Do You Have a Story To Tell?
|Image courtesy of Pixabay.com|
Most people do. Don't you tell stories when you get together with friends? You might not think you're telling a story, but when you relate the details of your day or an event, you've told a story.
The real question is how should you tell your story?
Some of us tell stories about our lives in small gatherings. Some people share their dreams with others—stories of a personal vision. Others make up people and events and share them, either as a liar presenting false truth or as a children's story. For some reason, pure storytelling, ie face-to-face, if it's fiction, tends to focus on an audience of children.
A long time ago, people gathered around a fire in the evening and told stories and legends. Today, if the story's audience is adult, we tend to use television or movies instead. Even Facebook has transformed into a storytelling medium.
Thank goodness for writers! A writer takes these ideas—fiction, nonfiction, visionary, memoir—and transforms them into a story we can pick up and read anywhere. Even on our phone or tablet.
I guess it's the ease at which we relay information while talking to each other that makes people believe they can write a book. Anyone can write a book.
Some of you bristled at that statement. Stick with me for a moment, though.
Today, anyone with enough money can write and publish a book. But, not everyone can write a good book.
To write a book worth a reader's time and money, you must know how to use words to convey what we miss when we're not sitting before you as you tell the story. A storyteller uses body language and their tone of voice to entertain. A writer only has words. It's not the same.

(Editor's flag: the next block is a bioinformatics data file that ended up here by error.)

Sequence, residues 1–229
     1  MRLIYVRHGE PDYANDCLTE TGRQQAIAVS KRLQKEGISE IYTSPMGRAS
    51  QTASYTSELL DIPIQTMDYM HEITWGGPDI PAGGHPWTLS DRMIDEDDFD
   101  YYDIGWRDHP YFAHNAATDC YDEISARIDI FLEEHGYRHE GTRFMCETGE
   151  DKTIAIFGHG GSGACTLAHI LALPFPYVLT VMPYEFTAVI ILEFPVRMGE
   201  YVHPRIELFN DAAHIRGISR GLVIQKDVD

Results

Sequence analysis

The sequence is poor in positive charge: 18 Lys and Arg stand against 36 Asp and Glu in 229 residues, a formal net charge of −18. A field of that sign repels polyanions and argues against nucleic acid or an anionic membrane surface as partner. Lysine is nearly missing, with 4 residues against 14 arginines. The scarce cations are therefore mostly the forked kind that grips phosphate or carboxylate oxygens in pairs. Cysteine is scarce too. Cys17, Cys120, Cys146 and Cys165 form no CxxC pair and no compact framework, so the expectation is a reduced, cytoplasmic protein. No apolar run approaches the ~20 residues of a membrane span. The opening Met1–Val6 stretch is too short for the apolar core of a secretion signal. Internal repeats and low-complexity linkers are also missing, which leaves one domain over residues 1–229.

Over the years, I've met many would-be writers who read beautifully. They read their stories with energy and enthusiasm, using their tone to carry us with them as we meet characters, ideas, and themes. If the storyteller writes it down will it be the same? If they read it to us, then yes. But, let's face it, you can't buy the author to read the book to you. Even audio books usually use someone else to read the story.
This is why it's important to learn how to write effectively. Text on the page doesn't offer the two strongest elements in face-to-face interaction—body language and tone.
Do you have a story to tell? Most definitely, but that's the wrong question to ask.
A better question might be: Are you willing to develop the skills and knowledge necessary to write a story that reads like you are telling it to us? That's the true sign of a writer. The story transcends the page and takes on life.